IN THE THICK OF IT: (Opposite) Lawrence Kincheloe and Marcin Jakubowski pose inside the Rep Tab cutting
table. (This page) Kincheloe practices cutting with the plasma cutter tip on the Rep Tab.
Factor e Farm headquarters in rural Missouri.
Lawrence Kincheloe, who created the current
Rep Tab design, says his motivation to contribute to
the project was to “answer some serious questions
as to how to make a living doing open source work.”
The team hopes that the current prototype will
lead to a design that can be successfully marketed to
the DIY community as an open source product or kit.
Photograph by Lawrence Kincheloe
“The hardest part,” Kincheloe says, “is balancing
between keeping it as open as possible and still
making it viable and worthwhile to distribute and
Rep Tab can be built for $1,000, if you don’t count
the laptop and plasma cutter. So, it’s not the cheapest tool in your shop, but the team hopes that open
source collaboration will help bring the cost down,
as well as improve the overall design.
“I believe that’s where community development
can really play a big part in making it possible for
everyone who wants to get one,” says Kincheloe.
He envisions a time when the Rep Tab project
can incorporate RepRap components to create a
completely new concept that could work with many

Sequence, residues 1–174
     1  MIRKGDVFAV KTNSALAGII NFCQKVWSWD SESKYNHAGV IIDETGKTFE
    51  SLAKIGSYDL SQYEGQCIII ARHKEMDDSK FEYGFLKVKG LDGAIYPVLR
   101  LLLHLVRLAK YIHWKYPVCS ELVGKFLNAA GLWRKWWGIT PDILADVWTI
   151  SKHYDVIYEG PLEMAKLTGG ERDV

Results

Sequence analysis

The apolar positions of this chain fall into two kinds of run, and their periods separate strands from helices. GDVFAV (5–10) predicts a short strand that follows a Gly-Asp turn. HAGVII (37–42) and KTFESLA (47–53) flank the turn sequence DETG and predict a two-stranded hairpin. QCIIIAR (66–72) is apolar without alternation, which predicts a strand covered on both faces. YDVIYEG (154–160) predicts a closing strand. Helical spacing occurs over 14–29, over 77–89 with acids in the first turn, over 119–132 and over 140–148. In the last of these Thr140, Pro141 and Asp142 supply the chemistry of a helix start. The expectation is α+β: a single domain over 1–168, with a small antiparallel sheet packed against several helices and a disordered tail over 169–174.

“The synergy between the two machines means
that each has the possibility to work with materials
the other isn’t equipped to handle, and also hints
at the possibility of merging the functionality into a
table that can work with both metals and plastics,”
he enthuses. “At the moment, if you put a plasma
cutter onto a RepRap Darwin, it would likely melt
or cut through the table!”
Rep Tab is the latest in OSE’s open source
hardware toolbox (see their Life Trac tractor in
MAKE, Volume 18). The group maintains a well-documented website and wiki for every project.
Makers are encouraged to join in the development
of Rep Tab at openfarmtech.org/weblog/?cat=214.
Abe Connally follows open-source hardware projects from
his secluded off-grid hideaway. His experiments with architecture, energy, and sustainable systems are documented